Ah, back when we had sticks and stones.
Before the Internet, we had something called "client/server" architecture and Local Area Networks. If you weren't trying to establish a connection with a server several miles away, these networks worked perfectly fine to accomplish most anything. You could even establish drive letters and use connections to file servers like a remote hard drive, if you wanted to. If you were several miles away, you could use a Wide Area Network to do essentially the same thing, albeit at a slower speed and at greater expense.
The cheap way to talk remotely was to pass information across telephone lines using devices called modems, and if you wanted to rig up something where two computers talked to each other through computer applications, you did it the same way you do it today: by establishing a communications protocol. There's nothing magical at all about that; both sides just have to agree on what all the bytes mean.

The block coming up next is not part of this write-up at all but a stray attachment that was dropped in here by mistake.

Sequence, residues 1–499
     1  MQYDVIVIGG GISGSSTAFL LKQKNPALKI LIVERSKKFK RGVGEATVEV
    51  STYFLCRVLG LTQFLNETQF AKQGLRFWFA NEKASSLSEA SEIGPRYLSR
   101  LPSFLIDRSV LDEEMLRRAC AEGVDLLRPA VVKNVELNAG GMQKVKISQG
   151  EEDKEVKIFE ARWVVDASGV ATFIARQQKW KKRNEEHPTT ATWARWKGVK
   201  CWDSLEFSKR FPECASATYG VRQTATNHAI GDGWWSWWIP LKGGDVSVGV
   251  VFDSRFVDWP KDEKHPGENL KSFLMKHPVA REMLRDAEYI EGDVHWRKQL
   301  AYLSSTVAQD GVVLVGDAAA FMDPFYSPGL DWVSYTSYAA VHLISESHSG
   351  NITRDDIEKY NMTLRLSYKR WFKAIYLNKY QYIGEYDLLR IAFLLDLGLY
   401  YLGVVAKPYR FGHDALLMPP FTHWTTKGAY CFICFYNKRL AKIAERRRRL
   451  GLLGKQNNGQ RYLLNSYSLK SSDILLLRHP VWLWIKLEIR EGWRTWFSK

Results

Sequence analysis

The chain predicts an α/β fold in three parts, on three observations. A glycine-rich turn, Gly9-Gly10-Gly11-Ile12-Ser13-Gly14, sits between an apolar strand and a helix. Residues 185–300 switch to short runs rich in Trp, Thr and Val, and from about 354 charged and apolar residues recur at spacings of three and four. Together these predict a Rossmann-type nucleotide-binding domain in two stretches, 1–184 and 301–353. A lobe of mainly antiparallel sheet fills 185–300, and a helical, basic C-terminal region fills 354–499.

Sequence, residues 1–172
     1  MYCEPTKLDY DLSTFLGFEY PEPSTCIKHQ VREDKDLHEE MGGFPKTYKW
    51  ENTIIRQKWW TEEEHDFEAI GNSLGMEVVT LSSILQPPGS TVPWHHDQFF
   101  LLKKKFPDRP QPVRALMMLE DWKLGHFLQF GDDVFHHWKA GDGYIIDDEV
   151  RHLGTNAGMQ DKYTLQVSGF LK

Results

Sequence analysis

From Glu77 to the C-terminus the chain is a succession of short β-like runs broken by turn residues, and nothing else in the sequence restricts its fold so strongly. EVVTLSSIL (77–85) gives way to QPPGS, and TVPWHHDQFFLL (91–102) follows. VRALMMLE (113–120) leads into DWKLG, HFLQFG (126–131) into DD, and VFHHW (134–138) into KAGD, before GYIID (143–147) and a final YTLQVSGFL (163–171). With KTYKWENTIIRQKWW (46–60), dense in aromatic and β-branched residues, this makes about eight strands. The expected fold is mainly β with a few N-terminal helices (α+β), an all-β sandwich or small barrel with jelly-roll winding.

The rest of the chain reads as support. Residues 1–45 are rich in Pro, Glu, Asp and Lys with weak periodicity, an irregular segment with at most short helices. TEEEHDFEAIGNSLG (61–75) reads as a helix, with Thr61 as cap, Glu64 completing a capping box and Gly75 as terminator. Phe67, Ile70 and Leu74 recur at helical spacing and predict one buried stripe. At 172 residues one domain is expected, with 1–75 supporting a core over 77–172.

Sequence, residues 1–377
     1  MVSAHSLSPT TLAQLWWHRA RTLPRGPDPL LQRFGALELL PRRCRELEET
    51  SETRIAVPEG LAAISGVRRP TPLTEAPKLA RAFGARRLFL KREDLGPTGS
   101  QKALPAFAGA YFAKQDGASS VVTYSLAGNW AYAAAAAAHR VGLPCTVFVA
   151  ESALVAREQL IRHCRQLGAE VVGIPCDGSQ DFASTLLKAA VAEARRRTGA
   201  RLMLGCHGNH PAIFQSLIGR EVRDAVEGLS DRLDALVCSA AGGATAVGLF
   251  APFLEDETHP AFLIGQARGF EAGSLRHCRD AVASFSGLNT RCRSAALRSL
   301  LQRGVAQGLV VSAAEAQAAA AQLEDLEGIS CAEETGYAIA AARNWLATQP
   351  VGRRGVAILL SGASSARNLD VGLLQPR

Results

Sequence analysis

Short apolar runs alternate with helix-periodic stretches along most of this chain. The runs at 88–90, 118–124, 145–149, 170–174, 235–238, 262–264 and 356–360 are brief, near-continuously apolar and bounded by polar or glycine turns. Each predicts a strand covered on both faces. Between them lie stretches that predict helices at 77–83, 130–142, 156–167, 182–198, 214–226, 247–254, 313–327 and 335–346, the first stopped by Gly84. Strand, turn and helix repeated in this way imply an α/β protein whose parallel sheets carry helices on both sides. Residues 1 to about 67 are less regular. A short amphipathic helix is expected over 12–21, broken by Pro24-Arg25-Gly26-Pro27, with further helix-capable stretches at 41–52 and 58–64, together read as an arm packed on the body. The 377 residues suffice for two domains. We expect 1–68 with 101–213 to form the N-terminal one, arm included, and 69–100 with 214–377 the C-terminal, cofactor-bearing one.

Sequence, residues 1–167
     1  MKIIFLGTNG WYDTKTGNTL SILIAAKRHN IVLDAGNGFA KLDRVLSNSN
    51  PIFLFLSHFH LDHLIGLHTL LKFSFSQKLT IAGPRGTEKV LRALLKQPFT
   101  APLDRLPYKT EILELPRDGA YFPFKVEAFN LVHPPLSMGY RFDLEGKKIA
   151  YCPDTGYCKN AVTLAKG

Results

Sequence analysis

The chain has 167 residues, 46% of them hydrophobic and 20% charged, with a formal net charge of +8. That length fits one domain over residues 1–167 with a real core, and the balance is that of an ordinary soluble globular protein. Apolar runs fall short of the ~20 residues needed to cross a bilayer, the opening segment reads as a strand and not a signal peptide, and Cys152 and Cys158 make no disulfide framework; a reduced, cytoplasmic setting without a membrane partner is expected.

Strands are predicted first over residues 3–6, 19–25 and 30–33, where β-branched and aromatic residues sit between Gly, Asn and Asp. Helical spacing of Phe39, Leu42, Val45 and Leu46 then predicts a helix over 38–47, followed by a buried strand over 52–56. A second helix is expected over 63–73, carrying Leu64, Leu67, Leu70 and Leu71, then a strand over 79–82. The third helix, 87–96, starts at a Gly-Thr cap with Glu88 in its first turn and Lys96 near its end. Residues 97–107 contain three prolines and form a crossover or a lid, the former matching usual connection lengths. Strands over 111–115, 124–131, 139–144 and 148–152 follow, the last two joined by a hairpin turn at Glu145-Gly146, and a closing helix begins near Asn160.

From the very early stages of the Internet, there were ways for machines to communicate across it. Web Services are just the latest flavor of the week.